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William & Mary reinstates 3 women's varsity sports

The school said it was adding women's gymnastics, women's swimming, and women's volleyball back to its lineup to advance Title IX equity.

WILLIAMSBURG, Va. — William & Mary said it would reinstate three women's sports which initially were cut along with other athletic programs at the university.

On September 3, the school said it would discontinue seven of its 23 NCAA Division I varsity sports, effective at the end of the 2020-2021 academic year:

  • Men's Gymnastics
  • Men's Indoor and Outdoor Track & Field
  • Men's Swimming
  • Women's Gymnastics
  • Women's Swimming
  • Women's Volleyball

The goals were to address budget issues which the COVID-19 pandemic exacerbated as well as fix gender equity imbalances that were inconsistent with the requirements of Title IX.

In the time since the announcement, William & Mary received notice of intent to sue on the grounds that the plan, including the cuts and associated roster adjustments in other sports, would not meet Title IX standards fully. Interim Director of Athletics Jeremy Martin determined that attainment of the anticipated roster adjustments wasn't certain and that the plan wouldn't achieve equity in participation by next fall. To bring progress more quickly, the three women's sports would need to be restored.

As a result, Women's Gymnastics, Women's Swimming, and Women's Volleyball, which will continue as Division I varsity sports.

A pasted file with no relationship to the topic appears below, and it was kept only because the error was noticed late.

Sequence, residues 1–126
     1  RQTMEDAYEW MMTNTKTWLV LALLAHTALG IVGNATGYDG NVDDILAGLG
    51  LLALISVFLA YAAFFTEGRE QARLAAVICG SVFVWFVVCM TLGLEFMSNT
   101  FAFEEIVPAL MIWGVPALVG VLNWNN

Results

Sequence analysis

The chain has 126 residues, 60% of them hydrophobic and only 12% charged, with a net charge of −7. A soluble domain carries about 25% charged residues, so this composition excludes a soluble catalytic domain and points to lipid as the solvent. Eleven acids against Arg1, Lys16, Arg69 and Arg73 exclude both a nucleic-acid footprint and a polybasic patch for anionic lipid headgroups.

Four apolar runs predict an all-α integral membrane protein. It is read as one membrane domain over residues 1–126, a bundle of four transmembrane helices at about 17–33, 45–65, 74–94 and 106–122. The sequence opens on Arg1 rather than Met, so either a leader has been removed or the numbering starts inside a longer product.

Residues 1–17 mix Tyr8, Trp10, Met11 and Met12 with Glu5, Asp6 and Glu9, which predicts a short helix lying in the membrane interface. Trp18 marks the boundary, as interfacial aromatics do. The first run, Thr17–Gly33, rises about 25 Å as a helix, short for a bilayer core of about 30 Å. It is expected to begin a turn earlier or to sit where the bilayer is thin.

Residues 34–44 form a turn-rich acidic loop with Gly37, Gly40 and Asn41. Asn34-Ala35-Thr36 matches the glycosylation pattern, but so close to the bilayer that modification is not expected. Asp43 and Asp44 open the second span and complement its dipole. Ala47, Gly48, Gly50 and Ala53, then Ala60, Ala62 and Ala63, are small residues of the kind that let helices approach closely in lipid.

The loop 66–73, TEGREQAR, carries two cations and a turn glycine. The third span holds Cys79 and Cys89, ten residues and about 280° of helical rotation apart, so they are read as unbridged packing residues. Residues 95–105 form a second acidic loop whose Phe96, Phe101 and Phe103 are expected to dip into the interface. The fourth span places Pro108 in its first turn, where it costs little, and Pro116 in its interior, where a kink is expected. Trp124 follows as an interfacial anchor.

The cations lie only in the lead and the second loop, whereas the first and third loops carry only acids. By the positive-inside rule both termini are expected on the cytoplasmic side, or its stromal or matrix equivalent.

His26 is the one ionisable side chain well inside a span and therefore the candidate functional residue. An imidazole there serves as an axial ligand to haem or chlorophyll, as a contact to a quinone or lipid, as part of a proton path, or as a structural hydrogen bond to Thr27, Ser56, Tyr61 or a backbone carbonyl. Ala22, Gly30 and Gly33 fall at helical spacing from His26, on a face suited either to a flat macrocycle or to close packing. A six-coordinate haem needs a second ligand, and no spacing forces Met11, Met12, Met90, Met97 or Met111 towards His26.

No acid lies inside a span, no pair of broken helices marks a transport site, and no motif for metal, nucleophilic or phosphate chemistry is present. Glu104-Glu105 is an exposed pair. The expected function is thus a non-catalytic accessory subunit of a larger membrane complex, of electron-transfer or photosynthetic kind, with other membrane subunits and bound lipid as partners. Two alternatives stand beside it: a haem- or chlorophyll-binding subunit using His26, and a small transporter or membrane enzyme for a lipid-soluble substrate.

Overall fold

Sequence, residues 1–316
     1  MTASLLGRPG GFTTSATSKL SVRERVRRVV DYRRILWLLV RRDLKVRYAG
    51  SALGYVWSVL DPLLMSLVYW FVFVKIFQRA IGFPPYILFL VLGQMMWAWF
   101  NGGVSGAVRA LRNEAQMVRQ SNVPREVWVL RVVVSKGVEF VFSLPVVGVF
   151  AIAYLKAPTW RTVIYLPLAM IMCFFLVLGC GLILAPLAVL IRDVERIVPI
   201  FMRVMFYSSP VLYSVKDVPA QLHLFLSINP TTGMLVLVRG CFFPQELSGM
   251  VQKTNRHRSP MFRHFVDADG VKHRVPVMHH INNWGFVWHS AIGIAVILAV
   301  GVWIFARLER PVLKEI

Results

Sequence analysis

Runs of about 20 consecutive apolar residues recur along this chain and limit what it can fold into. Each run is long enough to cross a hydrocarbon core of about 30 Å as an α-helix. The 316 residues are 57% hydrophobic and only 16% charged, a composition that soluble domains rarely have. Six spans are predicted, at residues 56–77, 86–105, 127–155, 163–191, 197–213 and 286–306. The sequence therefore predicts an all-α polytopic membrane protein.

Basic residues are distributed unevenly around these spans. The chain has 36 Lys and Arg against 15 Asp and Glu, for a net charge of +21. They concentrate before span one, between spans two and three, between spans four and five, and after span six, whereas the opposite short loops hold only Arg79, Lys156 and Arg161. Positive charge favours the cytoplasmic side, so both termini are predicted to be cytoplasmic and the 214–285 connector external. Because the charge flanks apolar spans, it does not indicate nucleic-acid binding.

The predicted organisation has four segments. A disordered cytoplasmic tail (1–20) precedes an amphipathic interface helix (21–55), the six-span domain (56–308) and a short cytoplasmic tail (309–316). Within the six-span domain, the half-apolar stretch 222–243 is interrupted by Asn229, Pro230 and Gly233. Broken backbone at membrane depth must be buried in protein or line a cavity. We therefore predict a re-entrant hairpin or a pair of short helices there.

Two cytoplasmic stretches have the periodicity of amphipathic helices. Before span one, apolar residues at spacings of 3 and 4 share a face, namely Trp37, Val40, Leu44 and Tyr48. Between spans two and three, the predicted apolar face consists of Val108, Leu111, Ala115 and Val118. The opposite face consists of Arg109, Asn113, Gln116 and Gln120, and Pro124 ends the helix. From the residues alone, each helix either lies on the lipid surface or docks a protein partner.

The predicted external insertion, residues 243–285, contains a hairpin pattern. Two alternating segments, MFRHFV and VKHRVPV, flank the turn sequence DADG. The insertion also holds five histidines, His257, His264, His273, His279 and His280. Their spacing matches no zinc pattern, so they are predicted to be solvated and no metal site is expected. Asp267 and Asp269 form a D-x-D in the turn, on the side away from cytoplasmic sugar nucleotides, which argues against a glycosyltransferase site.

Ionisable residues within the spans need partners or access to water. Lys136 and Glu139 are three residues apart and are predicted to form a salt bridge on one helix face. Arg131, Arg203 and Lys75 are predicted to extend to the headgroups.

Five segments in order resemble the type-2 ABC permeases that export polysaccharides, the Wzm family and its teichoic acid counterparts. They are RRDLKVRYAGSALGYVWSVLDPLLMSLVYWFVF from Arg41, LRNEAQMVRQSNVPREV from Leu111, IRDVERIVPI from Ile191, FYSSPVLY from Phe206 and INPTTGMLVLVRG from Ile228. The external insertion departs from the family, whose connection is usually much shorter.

Monday, the university said W&M Athletics would pursue a "robust process" for completing a longer-term gender equity review this academic year and create opportunities for input from all members of the community who wish to be part of the conversation. The review is supposed to lead to a gender equity strategic plan that will ensure Title IX compliance during the 2022-23 academic year and beyond.

A news release stated: "The Department of Athletics and University Advancement will work with the Tribe Club and the W&M Foundation to identify the financial needs of every varsity sport going forward, set targets, and renew efforts to raise funds to sustain those programs."

Martin said there isn't a clear and easy pathway to reinstate the four suspended men's programs immediately, while making significant progress toward gender proportionality; however, he said the school remains committed to swiftly continuing conversations with those affected programs in order to look at every viable alternative before making a decision for the near term.